The letter itself doesn’t say much: It calls on Arizona Corporation Commission Chairman Doug Little and the commission to “thoughtfully consider” the proposals for changes to rates from utilities. Utilities are an important part of Arizona’s economy, the letter notes, and they do a good job helping communities and providing critical infrastructure.

“Like the Commission, utilities also are established energy and energy policy experts. Serious issues have been identified, like modernizing rates,” the letter says. “The Commission has always been above the fray providing serious consideration to critical matters facing our State. Unfortunately, rhetoric – not facts – has begun to cloud this complicated and important conversation.”

The utility is asking for an 8-percent increase to residential customers’ bills and adding demand charges to its rates, a controversial method of assessing rates based on peak usage during peak times. Critics say demand charges are confusing and punitive.

The eight state lawmakers who signed the APS letter are Democratic Sens. Robert Meza, Catherine Miranda and Pancrazi, and Reps. Richard Andrade and Ceci Velasquez; Republican Reps. Brenda Barton and Vince Leach and Sen. David Farnsworth.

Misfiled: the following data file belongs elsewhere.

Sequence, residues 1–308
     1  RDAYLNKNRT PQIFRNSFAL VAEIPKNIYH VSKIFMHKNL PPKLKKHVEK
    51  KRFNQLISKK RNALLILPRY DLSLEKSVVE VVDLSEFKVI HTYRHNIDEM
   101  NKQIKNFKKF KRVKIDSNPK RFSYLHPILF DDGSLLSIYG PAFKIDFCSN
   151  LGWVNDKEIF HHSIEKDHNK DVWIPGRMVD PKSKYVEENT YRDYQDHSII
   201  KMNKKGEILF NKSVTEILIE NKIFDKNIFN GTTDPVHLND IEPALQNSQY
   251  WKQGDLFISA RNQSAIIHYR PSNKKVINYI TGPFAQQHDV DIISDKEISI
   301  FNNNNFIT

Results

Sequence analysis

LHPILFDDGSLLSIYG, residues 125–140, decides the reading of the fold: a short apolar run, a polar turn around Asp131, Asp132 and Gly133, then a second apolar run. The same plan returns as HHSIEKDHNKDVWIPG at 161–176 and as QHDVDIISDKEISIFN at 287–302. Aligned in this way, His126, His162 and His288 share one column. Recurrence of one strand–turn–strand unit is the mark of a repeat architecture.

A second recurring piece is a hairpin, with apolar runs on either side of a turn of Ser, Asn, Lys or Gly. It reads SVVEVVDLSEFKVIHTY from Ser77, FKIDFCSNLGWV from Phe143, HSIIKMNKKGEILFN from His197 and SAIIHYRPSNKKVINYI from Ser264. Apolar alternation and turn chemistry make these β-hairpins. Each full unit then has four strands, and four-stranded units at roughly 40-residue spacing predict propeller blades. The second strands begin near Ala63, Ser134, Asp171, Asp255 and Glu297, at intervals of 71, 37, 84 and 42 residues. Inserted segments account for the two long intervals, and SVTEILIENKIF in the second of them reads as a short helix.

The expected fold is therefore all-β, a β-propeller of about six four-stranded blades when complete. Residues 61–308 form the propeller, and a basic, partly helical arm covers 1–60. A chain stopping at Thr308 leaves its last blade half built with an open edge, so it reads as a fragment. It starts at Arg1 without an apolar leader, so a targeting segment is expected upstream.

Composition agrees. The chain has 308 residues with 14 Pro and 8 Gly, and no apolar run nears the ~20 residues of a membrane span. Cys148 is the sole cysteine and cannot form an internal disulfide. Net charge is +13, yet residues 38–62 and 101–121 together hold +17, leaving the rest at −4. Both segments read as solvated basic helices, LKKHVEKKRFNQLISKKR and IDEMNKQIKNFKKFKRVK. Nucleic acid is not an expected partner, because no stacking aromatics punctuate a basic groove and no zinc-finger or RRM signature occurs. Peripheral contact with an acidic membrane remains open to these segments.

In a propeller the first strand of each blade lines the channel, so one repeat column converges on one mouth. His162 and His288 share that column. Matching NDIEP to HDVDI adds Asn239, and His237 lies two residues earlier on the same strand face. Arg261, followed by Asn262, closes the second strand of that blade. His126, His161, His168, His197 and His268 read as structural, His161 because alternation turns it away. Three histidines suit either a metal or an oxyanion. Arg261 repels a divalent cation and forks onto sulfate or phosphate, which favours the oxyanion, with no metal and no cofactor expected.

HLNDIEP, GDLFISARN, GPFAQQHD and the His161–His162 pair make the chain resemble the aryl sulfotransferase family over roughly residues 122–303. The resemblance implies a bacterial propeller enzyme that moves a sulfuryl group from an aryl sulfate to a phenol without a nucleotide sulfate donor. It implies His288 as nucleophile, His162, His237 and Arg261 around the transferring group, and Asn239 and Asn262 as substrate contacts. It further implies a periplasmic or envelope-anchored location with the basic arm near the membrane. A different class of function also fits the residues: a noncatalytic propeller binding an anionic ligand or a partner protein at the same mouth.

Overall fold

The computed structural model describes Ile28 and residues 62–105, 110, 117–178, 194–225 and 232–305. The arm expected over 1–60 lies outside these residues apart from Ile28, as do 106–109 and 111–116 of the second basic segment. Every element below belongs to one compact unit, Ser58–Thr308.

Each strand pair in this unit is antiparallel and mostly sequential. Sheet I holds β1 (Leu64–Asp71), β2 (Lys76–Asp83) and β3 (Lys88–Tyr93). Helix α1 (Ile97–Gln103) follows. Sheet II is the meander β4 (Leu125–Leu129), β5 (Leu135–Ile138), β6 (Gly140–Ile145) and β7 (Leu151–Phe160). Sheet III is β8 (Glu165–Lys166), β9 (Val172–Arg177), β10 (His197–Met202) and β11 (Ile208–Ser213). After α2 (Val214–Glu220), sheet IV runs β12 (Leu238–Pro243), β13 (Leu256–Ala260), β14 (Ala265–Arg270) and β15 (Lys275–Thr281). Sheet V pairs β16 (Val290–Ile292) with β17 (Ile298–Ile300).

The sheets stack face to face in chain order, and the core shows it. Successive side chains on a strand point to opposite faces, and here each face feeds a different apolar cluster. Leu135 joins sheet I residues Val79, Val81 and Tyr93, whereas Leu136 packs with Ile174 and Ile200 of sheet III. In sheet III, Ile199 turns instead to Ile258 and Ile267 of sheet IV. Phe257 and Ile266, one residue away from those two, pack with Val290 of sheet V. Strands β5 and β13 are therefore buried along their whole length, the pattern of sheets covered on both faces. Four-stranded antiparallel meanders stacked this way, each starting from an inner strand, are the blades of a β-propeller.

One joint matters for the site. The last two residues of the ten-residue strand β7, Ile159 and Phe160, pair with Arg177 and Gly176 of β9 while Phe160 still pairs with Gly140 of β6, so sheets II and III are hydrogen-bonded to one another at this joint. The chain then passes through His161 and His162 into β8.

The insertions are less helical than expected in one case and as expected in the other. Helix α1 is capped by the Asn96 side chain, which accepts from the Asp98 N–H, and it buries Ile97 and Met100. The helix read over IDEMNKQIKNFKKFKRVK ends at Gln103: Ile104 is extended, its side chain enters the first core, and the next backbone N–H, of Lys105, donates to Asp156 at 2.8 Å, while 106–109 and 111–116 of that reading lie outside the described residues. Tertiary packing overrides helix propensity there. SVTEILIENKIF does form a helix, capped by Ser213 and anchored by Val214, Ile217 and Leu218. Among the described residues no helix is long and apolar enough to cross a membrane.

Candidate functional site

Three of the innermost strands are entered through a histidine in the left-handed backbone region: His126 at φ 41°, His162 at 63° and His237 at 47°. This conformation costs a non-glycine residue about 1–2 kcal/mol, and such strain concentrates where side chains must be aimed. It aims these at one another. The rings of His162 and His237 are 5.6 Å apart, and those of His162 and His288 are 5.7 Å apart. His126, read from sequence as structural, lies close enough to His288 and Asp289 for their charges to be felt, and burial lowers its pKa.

Calls to Barton, Leach, Miranda and Velasquez weren’t returned.

Pancrazi described the information Guzman presented her in asking her to sign the letter as a “half-truth.”

“I wasn’t aware that it was for the rate hike. If I had known it was for the rate hike, I would not have signed off on it,” she said. “If I had known it was for an 8 percent rate hike, which now I do know, I would certainly not have signed on to this.”

Maricopa County Supervisor Steve Gallardo, who said he signed the letter about a month ago, told the Capitol Times on June 2 that APS was “disingenuous” in asking him to sign the letter. Though it doesn’t explicitly call for a rate hike, he said the appearance of submitting the letter to the rate increase docket clearly makes it seem as though those who signed it support APS proposed rate changes.